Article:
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District of Columbia Court of Appeals.

Robert HARDI, M.D., and Robert Hardi, M.D., P.C., Appellants, v. Genevieve D. MEZZANOTTE, Appellee.

No. 99-CV-1386, 99-CV-1540.

Decided: March 20, 2003

Before WAGNER, Chief Judge, and STEADMAN and GLICKMAN, Associate Judges. Lee T. Ellis, Jr., with whom Ralph G. Blasey, III, and Elizabeth A. Scully were on the brief, Washington, DC, for appellants. Henry M. Lloyd, Washington, DC, with whom William C. Casano was on the brief, for appellee.

This appeal arises out of a claim for medical malpractice filed originally by appellee, Genevieve D. Mezzanotte, against appellants, Robert Hardi, M.D., his professional corporation, Robert Hardi, M.D., P.C. (sometimes collectively referred to as Dr. Hardi), and another physician, Dr. Joel Match.   After a bench trial, based upon the record of evidence adduced at an earlier trial, which resulted in a verdict for Dr. Match and a hung jury on appellee's claim against appellants, the trial court entered judgment for appellee and awarded costs.   Appellants argue that the trial court erred in:  (1) granting summary judgment and striking their statute of limitations defense;  (2) finding that proximate cause was established without adequate evidentiary support;  (3) including in the damages award medical bills written-off by appellee's health care providers in violation of the collateral source rule;  and (4) awarding costs which are not recoverable, including those resulting from the earlier mistrial.   We affirm.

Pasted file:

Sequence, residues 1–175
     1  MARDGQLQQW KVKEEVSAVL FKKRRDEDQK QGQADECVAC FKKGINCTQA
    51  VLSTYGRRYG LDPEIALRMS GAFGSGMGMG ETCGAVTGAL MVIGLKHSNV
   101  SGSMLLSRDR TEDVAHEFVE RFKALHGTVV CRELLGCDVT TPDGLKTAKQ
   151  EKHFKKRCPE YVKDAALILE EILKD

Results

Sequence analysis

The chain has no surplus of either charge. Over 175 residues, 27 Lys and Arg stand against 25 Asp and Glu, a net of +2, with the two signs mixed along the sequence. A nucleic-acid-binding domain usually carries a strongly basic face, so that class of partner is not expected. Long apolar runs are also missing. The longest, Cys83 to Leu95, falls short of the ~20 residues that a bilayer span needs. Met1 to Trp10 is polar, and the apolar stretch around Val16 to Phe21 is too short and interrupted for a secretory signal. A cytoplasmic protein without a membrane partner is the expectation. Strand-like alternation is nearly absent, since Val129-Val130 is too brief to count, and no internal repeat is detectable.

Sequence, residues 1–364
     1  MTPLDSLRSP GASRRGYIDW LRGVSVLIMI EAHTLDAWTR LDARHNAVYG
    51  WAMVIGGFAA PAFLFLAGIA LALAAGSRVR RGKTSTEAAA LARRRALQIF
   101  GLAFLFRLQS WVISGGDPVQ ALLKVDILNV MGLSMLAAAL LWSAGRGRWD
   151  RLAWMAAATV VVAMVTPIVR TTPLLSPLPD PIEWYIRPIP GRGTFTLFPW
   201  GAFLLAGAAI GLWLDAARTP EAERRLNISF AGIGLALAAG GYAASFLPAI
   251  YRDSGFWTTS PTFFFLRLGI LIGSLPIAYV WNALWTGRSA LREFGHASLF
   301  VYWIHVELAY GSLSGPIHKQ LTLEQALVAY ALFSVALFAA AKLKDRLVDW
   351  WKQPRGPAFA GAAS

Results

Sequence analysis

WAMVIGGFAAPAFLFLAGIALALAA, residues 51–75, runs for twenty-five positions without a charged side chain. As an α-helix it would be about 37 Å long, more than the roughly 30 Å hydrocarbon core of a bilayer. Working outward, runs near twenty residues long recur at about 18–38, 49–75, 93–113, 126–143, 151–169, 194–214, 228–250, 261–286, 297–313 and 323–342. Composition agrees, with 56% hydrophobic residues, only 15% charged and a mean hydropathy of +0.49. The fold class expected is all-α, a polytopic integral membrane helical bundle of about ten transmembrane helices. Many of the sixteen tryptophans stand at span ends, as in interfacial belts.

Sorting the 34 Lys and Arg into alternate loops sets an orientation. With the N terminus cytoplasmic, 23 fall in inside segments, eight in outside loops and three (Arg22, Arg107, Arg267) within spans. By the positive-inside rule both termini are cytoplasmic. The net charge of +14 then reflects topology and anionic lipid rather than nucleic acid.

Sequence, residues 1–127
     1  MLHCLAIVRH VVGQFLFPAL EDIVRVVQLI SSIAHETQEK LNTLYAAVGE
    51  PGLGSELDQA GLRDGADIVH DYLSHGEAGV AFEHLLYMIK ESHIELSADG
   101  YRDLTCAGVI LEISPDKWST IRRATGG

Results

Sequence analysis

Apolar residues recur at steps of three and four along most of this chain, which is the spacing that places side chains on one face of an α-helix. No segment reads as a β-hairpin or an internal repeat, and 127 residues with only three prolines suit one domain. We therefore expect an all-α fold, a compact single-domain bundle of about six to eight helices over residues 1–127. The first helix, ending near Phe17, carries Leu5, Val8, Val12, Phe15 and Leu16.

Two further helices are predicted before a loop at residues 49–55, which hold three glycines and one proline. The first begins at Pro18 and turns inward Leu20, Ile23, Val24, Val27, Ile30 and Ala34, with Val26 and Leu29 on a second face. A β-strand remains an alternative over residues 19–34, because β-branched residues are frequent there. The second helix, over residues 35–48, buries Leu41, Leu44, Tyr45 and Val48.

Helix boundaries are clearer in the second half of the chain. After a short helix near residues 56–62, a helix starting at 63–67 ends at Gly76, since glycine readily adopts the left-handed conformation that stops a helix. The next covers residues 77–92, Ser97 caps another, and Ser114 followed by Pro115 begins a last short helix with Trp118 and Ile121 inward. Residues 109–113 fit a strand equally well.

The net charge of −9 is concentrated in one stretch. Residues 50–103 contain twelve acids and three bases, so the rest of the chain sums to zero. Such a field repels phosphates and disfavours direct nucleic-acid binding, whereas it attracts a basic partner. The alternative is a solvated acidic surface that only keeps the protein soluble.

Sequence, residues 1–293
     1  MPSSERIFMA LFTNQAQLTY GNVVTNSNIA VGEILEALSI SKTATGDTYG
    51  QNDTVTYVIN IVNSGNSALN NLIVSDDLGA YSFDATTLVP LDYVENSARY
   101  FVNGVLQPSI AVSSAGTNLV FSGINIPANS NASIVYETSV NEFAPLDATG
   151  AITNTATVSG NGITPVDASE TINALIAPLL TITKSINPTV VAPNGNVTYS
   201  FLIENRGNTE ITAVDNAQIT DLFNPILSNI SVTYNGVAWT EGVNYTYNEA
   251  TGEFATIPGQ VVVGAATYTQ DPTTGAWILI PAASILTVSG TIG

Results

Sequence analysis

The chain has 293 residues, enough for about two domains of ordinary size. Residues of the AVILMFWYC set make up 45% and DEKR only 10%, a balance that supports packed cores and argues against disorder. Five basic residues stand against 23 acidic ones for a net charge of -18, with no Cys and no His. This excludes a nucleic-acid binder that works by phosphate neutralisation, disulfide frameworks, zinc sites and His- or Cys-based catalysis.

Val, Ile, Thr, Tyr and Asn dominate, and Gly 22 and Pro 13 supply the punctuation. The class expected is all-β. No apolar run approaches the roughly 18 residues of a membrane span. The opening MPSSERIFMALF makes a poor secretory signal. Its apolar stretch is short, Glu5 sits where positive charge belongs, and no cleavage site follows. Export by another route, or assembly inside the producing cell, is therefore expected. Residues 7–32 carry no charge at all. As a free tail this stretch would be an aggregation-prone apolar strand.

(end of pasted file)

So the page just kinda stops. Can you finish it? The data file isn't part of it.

A. Factual Background